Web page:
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Unformatted text preview: siness. Manners, courtesy and certain of the abilities, such as musical talent, story telling and humor are
cultivated largely, though not wholly, out of the desire to please.
Manners and courtesy are really standardized methods of behavior, which are to adjust us in a pleasing way to
our superiors, equals and inferiors, and to the various conventional situations of life. Naturally these will vary
greatly in different ages and different countries. A democracy acknowledging in theory no superiors will insist
that every man be called "sir" and every woman "madam," whereas an aristocracy laughs at that. In reality
there is no democracy anywhere, and so we address differently the woman of the mansion and the woman of
the hovel, The mistress of the house calls her maid by her first name but would wonder what the world is
coming to if the maid became as familiar. In a limited sense, manners and courtesy are conventional ways of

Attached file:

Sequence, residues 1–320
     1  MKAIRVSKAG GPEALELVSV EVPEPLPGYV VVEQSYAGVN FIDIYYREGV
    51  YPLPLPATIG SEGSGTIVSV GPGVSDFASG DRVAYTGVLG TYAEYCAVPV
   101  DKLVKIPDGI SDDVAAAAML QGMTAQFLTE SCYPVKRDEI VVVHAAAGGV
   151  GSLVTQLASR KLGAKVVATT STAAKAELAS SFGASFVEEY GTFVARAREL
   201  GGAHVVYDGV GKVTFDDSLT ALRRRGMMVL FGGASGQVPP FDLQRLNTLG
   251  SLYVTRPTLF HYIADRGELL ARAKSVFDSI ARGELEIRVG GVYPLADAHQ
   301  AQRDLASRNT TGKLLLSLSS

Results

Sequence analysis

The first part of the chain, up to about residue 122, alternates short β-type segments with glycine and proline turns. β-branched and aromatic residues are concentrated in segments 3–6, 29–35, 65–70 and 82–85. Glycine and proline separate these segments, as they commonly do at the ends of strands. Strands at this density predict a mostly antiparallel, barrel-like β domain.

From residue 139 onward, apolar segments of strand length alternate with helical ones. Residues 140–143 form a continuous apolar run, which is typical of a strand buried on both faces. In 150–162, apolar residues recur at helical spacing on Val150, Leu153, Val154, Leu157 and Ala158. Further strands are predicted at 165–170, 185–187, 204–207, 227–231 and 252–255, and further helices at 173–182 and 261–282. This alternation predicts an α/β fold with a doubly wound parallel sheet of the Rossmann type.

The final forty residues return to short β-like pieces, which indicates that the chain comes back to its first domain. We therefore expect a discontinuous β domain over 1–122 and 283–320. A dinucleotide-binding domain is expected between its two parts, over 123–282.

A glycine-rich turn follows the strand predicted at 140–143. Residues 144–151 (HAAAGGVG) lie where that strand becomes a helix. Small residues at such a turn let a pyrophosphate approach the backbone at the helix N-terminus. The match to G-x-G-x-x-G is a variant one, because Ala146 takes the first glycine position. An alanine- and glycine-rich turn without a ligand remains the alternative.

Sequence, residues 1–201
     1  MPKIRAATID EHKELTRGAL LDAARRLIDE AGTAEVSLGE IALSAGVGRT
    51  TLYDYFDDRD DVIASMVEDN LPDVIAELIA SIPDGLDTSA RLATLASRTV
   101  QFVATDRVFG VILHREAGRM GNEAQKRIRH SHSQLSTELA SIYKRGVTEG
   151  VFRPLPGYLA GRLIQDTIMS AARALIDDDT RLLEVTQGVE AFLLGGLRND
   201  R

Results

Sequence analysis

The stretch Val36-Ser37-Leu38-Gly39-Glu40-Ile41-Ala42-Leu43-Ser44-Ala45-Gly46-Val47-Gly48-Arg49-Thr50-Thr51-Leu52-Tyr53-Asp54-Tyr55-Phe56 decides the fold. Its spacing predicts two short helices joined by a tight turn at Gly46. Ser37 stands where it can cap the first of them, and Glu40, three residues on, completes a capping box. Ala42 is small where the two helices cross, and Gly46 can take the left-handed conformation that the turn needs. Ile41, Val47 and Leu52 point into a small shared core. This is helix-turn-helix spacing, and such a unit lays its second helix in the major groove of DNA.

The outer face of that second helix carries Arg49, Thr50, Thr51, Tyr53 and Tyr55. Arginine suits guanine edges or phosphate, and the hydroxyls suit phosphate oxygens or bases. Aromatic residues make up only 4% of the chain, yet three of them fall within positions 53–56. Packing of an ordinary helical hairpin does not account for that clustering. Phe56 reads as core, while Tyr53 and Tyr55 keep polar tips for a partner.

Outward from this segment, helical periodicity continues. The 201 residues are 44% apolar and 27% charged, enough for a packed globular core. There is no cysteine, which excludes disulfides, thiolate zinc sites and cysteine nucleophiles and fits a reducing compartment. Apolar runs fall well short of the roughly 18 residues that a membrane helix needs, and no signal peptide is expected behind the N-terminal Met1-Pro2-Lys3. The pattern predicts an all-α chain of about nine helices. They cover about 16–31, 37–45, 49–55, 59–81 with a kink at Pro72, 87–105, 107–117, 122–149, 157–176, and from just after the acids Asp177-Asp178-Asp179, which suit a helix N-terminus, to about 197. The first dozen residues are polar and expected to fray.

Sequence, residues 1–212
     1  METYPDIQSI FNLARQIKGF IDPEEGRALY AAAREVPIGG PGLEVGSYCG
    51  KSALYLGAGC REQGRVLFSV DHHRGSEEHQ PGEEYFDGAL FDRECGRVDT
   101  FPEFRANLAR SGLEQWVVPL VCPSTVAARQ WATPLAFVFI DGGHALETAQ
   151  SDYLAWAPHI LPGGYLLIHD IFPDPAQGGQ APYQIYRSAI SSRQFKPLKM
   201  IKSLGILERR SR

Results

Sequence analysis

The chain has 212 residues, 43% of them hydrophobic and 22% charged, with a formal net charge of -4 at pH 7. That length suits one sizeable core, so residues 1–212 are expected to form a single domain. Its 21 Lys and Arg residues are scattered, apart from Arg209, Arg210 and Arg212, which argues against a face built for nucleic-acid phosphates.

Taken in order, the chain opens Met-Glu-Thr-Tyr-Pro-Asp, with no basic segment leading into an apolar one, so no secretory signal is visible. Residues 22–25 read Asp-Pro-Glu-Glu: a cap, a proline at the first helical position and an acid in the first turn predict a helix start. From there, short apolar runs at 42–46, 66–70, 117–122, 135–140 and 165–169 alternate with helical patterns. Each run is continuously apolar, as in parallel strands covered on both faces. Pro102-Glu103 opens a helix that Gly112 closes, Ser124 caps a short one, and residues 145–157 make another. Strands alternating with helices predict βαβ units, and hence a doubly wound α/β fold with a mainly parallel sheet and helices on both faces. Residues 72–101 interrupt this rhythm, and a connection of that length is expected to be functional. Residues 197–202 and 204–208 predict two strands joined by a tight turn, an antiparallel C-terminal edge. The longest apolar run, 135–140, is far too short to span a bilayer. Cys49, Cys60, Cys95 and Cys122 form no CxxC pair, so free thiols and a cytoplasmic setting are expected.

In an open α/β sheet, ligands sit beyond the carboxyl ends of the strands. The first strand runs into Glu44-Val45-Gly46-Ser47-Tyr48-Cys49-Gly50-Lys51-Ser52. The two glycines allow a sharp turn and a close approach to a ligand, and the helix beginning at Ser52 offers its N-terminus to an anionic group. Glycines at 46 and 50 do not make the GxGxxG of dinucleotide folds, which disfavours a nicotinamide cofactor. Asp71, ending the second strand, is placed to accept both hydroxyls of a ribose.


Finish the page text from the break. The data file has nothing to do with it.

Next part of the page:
doing things, as the way of living, the tipping of the hat, the form of greetings, the way of eating, but these
conventions have great value to the majority of people as evidencing breeding and training or the lack
(superiority or inferiority), and also as removing doubt and choice, so that things run smoothly and without
contradiction. In a more noble sense, manners and courtesy prescribe conduct in order to proscribe offense to
the self-valuation of others. Convention says, "Address people as if they were your equals at least; don't
contradict brusquely because that implies their inferiority or stupidity; avoid too controversial topics since
bitterness and humiliation may thus arise; do not notice defects or disabilities for the same reason; do not brag
or be too conspicuous, since to boast of superiority is to imply the inferiority of others, and they will dislike
you," etc. We tend to dislike and hate those who make us feel inferior, except under those special
circumstances where sex-love, awe and admiration enter to make a certain inferiority desirable or befitt...
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This note was uploaded on 09/26/2011 for the course PSYCHOLOGY 110 taught by Professor Kannan during the Spring '11 term at Anna University Chennai - Regional Office, Coimbatore.
- Spring '11